Certainly, no one should ever be forced to have an abortion. The decision to have a child should be a personal private decision. Unfortunately as the law stands now there is no choice. Under the present circumstances we are imposing the Catholic view of abortion on the entire population. For many years I supported abortion repeal but repeal is not enough. The majority of women who seek abortions not because they have been raped, exposed to German measles or have serious heart or liver ailments. The number of rape-induced pregnancies in the United States is about 800 per year - between 80,000 and 160,000 defective children or between 2% and 4% are born a year.
Women seek abortions because they find themselves with unwelcome or unwanted pregnancies. Abortion is a last resort birth control measure when preventive techniques have failed or have not been used.
Approximately 50 million abortions are performed annually around the world. Between 8,000 and 13,000 legal, that is therapeutic abortions are performed annually in the United States.
Between 250,000 to 1,250,000 illegal abortions are performed annually in the United States.
Approximately 20,000 are performed in the D.C. area alone of which only 25% are done in hospitals.
Nearly half of those seeking abortions are unmarried girls. Unless these girls have the $600 to $700 it takes to get a therapeutic abortion and are willing to swear to two psychiatrists that they are going to jump off a ledge, the only solution is to have the child.
Societies' attitude seem to be “you've had your pleasure now pay the price.” What is more immoral, granting an abortion or forcing a young girl - some of them as young as 14 or 15 - to assume the responsibilities of an adult while she is still a child? What are we doing to the mother? What are we doing to the child?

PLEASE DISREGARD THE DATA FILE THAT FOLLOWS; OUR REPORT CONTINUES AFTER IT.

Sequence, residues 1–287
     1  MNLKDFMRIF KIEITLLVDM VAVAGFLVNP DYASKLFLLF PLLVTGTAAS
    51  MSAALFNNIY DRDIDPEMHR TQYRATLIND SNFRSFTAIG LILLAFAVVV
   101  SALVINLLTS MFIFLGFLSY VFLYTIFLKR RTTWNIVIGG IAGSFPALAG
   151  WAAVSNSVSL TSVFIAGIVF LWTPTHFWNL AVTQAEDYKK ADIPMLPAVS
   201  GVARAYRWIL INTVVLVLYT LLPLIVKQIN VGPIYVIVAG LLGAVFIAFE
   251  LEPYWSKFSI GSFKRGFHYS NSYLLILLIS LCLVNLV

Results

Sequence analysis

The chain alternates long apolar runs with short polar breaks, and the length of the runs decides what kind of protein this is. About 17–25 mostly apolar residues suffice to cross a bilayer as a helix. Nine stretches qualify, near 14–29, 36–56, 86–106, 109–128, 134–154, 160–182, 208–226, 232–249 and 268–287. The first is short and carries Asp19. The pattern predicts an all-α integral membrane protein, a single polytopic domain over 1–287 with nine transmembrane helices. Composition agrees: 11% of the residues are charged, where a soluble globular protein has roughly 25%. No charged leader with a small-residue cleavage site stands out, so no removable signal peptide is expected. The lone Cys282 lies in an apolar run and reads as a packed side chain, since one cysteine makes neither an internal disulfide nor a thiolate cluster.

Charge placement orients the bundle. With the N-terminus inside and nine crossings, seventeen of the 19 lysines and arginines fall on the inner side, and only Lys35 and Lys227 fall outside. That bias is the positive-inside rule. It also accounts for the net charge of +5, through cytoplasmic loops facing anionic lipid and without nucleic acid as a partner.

If a white girl gives up her child for adoption there is a pretty good chance that the child will be adopted. This is not the case for black and other minority group children. They spend their lives in orphanages and foster homes. This is one of the prime reasons so many black girls keep their babies. The number of children in orphanages or in foster care totals 316,000. Only 25% of the black children are in public institutions - 18% are in voluntary welfare institutions or homes. This contrasts sharply with the 71% of white children in public institutions and 80% in voluntary care.
Is it more humane for these children to grow up unwanted and unloved?
Botched abortions are the single largest cause of maternal deaths in the United States. In 1964, Dr. Carl Goldmark, Jr., president of the New York County Medical Society reported that 34 women died in New York City as the result of criminal abortions. He estimated at that time that about 80% of maternal deaths are the result of criminal abortions. Women from minority groups are hit hardest. According to a study by Edwin M. Gold for 1960-1962, abortion was the cause of death for 25% of the white women, 49% of the non-white women and 56% of the Puerto Rican women.